“They crave success the same way that the Hibs fans did, and thankfully we’ve managed to put a smile back on their faces.

“They’re getting sell-outs now every week, and that’s the aim down there, to try and get bums back on seats and to try and get the club into the top-flight and competing in the top half of the table.

“Hopefully, we can do it.”

Hoping is one thing. Believing is another altogether.

McGinn isn’t one to make brash statements of intent – he is too smart for that.

But while “hope” is his mantra when it comes to both winning promotion and continuing to shine individually in the Championship, there is belief behind it.

It’s there in his every stride on the pitch.

Without it, the boldness of his performance for Scotland on Monday night would not have been notable.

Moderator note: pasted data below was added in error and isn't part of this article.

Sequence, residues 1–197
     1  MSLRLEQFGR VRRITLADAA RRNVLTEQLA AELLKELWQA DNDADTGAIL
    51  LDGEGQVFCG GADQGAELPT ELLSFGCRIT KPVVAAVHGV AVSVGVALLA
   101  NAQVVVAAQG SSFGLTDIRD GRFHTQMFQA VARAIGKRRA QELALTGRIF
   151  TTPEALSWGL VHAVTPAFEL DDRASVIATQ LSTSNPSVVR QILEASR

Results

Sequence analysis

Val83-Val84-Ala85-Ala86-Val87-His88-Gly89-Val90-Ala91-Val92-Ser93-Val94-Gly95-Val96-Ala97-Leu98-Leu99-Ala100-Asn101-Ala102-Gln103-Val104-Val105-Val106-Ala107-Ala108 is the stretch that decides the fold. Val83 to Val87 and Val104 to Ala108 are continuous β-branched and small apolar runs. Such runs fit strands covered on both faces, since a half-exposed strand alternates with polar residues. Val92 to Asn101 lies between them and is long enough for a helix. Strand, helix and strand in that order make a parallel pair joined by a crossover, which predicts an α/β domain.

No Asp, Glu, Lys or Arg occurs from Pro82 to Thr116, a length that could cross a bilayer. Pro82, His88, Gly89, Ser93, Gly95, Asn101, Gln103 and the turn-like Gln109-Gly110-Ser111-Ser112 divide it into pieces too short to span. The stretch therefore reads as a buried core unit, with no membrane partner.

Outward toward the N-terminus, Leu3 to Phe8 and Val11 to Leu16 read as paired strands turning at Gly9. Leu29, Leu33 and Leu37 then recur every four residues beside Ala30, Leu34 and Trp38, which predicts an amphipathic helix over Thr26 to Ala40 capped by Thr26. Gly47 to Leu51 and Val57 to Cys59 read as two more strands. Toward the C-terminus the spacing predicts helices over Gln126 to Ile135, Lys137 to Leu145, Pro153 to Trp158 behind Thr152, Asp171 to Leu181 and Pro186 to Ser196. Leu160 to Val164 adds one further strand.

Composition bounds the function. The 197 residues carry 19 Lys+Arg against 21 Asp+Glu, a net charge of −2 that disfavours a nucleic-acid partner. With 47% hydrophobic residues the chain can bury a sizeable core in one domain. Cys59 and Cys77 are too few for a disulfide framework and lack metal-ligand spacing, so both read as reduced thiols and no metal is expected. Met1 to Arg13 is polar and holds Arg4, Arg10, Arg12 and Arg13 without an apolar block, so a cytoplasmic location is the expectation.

McGinn didn’t hide after his Belgium errors.

He didn’t hide after being bailed out of another couple on Monday against Albania.

He kept on putting his body on the line, kept on fighting, kept on winning the ball, kept on playing passes.

Heart like that – belief like that – is tough to stick a value on.

But Aston Villa may be able to stick a nine-figure price tag on it at the end of the season if it helps them get back to the big time.

“That’s the aim,” stated McGinn.

“The new owners have come in and backed the manager, albeit late on in the window, but when you are at a club like Aston Villa it belongs in the Premier League.

“Hopefully we can be there or thereabouts at the end of the season.

“It‘s so demanding. Everyone in the world is trying to get to the Premier League, so you have that challenge every week.

“You need to stand up and be counted and, hopefully, I can do that.”